• Adermatoglyphia. Unlike the previous two, this mutation has no other known side effects apart from the lack of skin ridges. In 2009, researchers nicknamed this the “immigration delay disease”, for the problems that a lack of fingerprints causes with biometric border control.

Source here

British police once ordered an entire town to submit their fingerprints

In 1948, police ordered a mass fingerprinting of all men over 16 in the Lancashire town of Blackburn to try and catch the person who had killed a child.

The perpetrator had left his fingerprints on a glass bottle (alongside several other pieces of evidence such as a boot-print) but they didn’t match anything the Blackburn police had on record. In an unprecedented move, the police not only sent those fingerprints to every police force in the UK, but ordered the collection of fingerprints from every man over 16 in Blackburn.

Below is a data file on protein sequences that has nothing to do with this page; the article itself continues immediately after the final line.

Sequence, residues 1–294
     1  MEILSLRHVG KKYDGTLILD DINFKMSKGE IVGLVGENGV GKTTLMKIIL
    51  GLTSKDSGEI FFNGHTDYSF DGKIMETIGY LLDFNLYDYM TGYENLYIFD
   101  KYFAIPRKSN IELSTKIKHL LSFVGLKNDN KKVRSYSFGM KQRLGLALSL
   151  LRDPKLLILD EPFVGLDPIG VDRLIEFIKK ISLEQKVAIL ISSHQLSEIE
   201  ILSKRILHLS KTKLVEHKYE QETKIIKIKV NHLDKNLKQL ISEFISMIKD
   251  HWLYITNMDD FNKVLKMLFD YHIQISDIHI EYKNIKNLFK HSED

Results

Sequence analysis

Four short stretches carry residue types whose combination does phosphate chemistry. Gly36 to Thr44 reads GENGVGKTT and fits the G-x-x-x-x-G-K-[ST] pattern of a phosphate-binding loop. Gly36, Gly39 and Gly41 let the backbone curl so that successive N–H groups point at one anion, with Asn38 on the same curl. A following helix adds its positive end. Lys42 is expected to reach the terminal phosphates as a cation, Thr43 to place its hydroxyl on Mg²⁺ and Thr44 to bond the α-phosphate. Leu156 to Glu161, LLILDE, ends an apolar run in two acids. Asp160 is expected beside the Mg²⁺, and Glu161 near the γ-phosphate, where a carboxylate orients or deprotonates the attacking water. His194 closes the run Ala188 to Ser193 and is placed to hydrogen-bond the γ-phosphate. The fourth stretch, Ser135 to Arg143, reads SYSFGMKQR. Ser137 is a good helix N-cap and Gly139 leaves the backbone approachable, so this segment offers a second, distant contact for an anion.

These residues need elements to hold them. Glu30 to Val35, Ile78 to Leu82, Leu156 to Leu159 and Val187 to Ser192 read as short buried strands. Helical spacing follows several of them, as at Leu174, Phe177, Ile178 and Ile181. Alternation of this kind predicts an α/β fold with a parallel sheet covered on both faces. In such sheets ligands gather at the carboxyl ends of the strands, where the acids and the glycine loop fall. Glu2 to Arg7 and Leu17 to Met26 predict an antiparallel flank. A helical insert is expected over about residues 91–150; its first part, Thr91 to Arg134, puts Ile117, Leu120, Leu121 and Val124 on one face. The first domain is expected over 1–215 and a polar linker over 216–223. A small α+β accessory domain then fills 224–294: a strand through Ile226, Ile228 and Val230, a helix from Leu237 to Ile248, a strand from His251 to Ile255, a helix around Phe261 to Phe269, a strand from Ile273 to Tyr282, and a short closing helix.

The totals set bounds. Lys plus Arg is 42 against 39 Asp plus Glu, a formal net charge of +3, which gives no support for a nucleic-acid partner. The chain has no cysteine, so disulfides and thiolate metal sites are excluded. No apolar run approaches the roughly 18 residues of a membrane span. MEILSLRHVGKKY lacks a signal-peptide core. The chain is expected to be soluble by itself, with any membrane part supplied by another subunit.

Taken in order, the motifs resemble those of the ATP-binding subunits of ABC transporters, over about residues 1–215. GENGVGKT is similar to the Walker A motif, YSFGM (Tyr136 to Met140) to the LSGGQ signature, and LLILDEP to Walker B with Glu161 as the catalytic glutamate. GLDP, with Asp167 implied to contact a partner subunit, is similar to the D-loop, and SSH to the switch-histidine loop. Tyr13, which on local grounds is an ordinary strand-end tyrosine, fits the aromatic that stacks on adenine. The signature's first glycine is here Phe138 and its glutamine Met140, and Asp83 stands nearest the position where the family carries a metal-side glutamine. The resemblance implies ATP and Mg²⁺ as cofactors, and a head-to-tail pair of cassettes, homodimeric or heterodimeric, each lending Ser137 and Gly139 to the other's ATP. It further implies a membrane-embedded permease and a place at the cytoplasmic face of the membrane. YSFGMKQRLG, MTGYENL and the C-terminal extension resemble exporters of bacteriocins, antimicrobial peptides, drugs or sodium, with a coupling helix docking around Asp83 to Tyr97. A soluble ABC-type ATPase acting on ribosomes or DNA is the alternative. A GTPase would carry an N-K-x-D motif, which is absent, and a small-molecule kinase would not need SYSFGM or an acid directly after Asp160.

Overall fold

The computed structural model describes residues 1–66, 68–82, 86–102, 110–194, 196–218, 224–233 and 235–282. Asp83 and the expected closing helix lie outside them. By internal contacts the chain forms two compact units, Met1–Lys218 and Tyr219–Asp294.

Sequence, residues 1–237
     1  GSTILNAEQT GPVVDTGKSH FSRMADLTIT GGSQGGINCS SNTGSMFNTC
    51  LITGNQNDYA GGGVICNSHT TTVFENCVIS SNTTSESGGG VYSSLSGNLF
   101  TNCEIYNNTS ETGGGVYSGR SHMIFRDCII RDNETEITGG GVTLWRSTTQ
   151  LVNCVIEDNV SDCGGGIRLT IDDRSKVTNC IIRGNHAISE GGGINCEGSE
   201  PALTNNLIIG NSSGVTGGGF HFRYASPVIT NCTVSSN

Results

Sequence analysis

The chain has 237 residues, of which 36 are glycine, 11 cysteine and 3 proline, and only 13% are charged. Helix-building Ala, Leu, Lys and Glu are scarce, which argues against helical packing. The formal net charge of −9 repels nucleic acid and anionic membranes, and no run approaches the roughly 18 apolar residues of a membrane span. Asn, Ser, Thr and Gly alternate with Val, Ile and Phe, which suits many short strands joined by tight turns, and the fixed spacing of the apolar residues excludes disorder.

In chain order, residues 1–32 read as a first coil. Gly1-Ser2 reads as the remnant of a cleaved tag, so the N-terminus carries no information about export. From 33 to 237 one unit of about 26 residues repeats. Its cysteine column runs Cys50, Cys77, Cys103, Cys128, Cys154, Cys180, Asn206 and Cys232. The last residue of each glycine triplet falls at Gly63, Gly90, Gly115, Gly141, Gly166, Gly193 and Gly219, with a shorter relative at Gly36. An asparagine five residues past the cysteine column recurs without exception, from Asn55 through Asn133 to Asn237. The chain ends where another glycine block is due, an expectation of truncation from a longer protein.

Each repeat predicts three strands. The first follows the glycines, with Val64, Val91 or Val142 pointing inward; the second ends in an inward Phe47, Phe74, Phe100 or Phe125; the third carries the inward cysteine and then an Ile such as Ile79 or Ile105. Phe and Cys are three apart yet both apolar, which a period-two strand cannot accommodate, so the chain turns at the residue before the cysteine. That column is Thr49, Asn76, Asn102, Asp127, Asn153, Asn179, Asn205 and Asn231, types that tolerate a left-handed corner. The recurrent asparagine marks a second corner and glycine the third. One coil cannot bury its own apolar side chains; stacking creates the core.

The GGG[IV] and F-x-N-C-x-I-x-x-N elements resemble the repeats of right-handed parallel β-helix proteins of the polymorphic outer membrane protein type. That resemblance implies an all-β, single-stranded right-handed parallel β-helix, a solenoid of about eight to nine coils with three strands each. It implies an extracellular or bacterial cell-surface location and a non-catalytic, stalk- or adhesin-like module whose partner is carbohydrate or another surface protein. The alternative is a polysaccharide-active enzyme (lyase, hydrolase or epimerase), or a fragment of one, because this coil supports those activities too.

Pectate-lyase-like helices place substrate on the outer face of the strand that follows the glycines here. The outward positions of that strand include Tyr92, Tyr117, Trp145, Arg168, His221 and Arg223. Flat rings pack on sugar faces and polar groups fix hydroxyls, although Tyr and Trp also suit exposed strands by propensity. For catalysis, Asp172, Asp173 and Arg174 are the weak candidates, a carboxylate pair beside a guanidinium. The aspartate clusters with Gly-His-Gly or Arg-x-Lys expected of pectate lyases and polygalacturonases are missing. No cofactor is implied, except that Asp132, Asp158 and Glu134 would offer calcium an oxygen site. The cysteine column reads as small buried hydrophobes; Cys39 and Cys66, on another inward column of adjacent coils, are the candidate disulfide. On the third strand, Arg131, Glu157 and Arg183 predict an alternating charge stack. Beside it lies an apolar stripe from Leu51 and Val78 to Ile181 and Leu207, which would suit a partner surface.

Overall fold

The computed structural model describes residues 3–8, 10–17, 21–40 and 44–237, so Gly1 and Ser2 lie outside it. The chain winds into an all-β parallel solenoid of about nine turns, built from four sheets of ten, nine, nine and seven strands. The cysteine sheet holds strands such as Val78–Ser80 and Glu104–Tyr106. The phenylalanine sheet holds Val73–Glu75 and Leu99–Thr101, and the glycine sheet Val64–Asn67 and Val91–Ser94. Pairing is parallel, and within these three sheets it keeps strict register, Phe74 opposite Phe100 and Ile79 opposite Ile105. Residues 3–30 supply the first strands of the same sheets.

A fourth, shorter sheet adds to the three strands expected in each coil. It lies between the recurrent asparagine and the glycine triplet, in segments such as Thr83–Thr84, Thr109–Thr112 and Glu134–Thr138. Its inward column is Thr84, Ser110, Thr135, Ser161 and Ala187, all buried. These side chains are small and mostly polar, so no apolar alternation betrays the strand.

He was identified as the 46,253th set of prints collected, and he was hanged.

The police promised to destroy their collected fingerprints, and these days it is very unlikely that the British police could ever compel the public to share their identifying information like this.

Source here

Ancient fingerprints have been preserved for thousands of years

If ancient people happened to leave their fingerprints on the right kind of surface, we can still see them today.

  • 1000 BC – an Ancient Egyptian coffin craftsman left his fingerprint on an inner coffin lid of the priest Nespawershefyt, currently at the Fitzwilliam museum in Cambridge. The coffin was then varnished, sealing in the fingerprint. Source here
  • 1300 BC – Clay tablets found in the Minoan city of Knossos show visible finger- and palm-prints, identified as being from the scribes as well as the labourers who created the tablets themselves. The fingerprints would have been created when the scribes and labourers gripped the wet clay, which then dried and hardened. Source here